For example, to assess reliability of questions measured on an interval/ratio scale, internal consistency is appropriate to use. To assess reliability of knowledge questions, test-retest or split-half is appropriate. Abstract Questionnaires are the most widely used data collection methods in educational and evaluation research.This article describes the process for developing and testing questionnaires and posits five sequential steps involved in developing and testing a questionnaire: research background, questionnaire conceptualization, format and data analysis, and establishing validity and reliability.Following IRB approval, the next step is to conduct a field test using subjects not included in the sample. An analysis of research designs used in agricultural and extension education.Make changes, as appropriate, based on both a field test and expert opinion. In this final step, reliability of the questionnaire using a pilot test is carried out. Reliability indicates the accuracy or precision of the measuring instrument (Norland, 1990). Which type of validity (content, construct, criterion, and face) to use depends on the objectives of the study.The following questions are addressed in Step 4: Addressing these questions coupled with carrying out a readability test enhances questionnaire validity.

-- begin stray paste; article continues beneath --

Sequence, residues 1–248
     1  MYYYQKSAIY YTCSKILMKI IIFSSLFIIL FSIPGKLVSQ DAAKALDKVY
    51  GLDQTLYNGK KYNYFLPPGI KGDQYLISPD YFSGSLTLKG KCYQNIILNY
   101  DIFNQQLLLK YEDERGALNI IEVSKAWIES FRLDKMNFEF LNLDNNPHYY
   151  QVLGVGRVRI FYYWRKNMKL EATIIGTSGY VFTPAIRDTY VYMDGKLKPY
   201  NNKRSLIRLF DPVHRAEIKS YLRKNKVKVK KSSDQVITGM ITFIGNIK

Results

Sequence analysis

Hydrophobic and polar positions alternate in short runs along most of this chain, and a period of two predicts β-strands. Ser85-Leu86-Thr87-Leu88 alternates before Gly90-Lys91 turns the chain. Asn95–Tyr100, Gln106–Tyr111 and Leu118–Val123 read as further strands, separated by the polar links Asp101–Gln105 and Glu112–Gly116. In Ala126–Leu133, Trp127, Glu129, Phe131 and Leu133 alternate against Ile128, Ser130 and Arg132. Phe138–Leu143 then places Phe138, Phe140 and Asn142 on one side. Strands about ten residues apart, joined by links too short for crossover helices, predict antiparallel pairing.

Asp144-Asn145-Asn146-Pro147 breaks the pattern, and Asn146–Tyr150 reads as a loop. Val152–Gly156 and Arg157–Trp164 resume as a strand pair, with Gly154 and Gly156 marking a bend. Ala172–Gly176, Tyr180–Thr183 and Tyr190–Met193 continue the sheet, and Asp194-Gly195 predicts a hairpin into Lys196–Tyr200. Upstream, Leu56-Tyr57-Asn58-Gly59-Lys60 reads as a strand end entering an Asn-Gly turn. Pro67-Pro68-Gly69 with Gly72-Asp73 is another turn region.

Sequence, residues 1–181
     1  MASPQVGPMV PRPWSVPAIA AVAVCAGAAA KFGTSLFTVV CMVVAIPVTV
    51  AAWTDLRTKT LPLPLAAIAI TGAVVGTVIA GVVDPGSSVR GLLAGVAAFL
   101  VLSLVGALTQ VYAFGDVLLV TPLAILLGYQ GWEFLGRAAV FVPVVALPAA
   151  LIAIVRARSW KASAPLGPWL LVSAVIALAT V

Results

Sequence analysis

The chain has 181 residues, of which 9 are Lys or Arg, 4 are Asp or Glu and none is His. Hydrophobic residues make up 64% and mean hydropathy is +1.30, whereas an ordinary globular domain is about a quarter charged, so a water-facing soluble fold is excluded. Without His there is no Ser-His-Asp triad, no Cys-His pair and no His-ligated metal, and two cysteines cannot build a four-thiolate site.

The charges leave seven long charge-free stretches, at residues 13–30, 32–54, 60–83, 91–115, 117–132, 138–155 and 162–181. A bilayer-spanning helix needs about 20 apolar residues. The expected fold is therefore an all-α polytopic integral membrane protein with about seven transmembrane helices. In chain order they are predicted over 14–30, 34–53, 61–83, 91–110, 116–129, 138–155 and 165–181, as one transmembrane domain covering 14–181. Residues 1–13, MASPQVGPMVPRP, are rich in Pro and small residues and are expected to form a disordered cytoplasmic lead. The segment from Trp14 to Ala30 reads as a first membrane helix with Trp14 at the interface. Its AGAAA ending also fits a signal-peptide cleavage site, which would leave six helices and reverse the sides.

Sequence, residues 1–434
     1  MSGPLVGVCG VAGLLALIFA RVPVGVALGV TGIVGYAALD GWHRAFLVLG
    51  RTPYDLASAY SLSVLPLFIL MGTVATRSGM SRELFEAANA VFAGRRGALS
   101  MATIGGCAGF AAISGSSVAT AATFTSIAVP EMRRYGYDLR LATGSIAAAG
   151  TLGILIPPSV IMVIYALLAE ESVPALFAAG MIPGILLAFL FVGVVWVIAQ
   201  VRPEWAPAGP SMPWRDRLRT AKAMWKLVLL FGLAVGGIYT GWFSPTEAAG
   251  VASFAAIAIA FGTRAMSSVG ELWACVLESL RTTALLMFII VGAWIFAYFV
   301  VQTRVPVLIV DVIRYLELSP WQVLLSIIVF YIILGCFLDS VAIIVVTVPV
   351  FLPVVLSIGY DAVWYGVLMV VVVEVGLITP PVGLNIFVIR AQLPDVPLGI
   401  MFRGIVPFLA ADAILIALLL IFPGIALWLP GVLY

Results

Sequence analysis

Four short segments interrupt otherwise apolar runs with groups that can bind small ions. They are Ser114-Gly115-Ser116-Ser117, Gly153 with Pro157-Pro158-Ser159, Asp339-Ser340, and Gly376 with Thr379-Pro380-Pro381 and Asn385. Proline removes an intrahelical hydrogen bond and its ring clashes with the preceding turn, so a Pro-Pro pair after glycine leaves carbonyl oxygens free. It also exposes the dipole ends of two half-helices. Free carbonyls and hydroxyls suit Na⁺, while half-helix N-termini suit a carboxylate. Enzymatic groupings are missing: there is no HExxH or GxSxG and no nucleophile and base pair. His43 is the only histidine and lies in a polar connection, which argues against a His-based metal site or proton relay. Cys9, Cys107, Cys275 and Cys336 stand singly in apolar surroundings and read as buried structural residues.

A brief description of each of the five steps follows Figure 1. Sequence for Questionnaire/Instrument Development In this initial step, the purpose, objectives, research questions, and hypothesis of the proposed research are examined.
Development of a valid and reliable questionnaire is a must to reduce measurement error.
Groves (1987) defines measurement error as the "discrepancy between respondents' attributes and their survey responses" (p. Development of a valid and reliable questionnaire involves several steps taking considerable time.
In addition, a link among the objectives of the study and their translation into content is established.
For example, the researcher must indicate what the questionnaire is measuring, that is, knowledge, attitudes, perceptions, opinions, recalling facts, behavior change, etc.